The Life Of Brian


12 Aug 17

The Life of Brian 

Guess what? Contrary to the norm, it turns out Caribbean food’s not all jerk chicken and curried goat. Especially if Fish, Wings & Tings’ Brian Danclair has anything to do about it.

This is a man who went from Trinidad to the US, kicked some ass while at some of the top restaurants in Washington DC when he was 19, jumped on a plane to the UK where he landed jobs at the Ritz and under borderline national treasure Angela Hartnett at the Connaught, set up his own catering business to feed celebrities – the likes of Les Bleus legend Patrick Vieira – and high commissions (‘when I speak to Prime Ministers,’ he tells one magazine, ‘they listen’), before reinventing Caribbean food for the London people.

That’s a helluva ride. One that has culminated with Fish, Wings & Tings in Brixton and at Boxpark Croydon; Brian’s way of planting the Caribbean flag in London and saying, ‘this is how we do it.’

‘Fish, Wings & Tings was basically a dream I had in Washington,’ says Brian. ‘I had the plan laid out a long time ago, and was waiting for the time and place to execute it.’

While in Washington, Brian fell in love. With a pretty little thing. It was called Provençal cuisine. He was working under Yannick Cam, the chef who bought the new light and delicate hallmarks of nouvelle cuisine under the noses of Washingtonians for the first time. ‘He’s the best French chef I’ve worked with,’ says Brian. ‘He did Provençal food – Mediterranean, full of colour, but with all these stews as well. I immersed myself in it. I love Provence so much I want to live in Provence. I travel there every year.’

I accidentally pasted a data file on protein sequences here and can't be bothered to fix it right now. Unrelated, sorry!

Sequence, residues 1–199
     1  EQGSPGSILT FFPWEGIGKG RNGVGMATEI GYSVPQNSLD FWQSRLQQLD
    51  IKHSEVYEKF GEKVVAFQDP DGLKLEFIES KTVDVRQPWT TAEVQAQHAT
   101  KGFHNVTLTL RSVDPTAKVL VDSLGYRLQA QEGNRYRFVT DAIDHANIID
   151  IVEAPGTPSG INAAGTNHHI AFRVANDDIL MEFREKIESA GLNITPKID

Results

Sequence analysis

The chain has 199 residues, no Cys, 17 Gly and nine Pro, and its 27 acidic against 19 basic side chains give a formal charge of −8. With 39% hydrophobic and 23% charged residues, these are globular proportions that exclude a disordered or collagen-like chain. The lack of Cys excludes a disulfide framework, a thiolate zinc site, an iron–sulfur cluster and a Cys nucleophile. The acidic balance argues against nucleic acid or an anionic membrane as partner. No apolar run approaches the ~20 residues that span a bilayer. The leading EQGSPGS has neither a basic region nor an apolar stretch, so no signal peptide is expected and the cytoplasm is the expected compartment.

Like Yannick, Brian ended up trailblazing a cuisine in a place that hadn’t necessarily seen it up close before. ‘When I came over [to the UK], I was quite shocked at the state of Caribbean food,’ he says. ‘Up until recently, we were still doing a lot of nonsense. The food at a lot of Caribbean restaurants all tastes the same – that’s because most of them will go and buy, say, packets of soup from Greece rather than make a fresh pot of chicken soup or fresh red bean soup. So you find they all have a similar taste between them.’

That love of Provençal cuisine – and the malcontent towards the way Caribbean food was represented – came together to make one thing: Fish, Wings & Tings. It’s a marriage of colour and counter-culture. Just like the menu. ‘We have things like yellow pineapple mango chutney with red cabbage coleslaw, rice, and peas; tamarind barbeque sauce; or a yellow curry,’ says Brian. ‘The language is different too – on a typical Caribbean menu, you’ll never see aioli. For the codfish fritters, we do ginger and lime aioli.’

Those cod fritters have worked up a bit of a reputation. Why? Maybe it’s the delicateness of the cod; the crispiness of the batter’s shell. Maybe it’s because they’re like a ‘high-five from Jesus,’ as a guest once put. Or maybe it’s because they help people realise that, with Caribbean fare, there’s way more to it than what first meets the eye.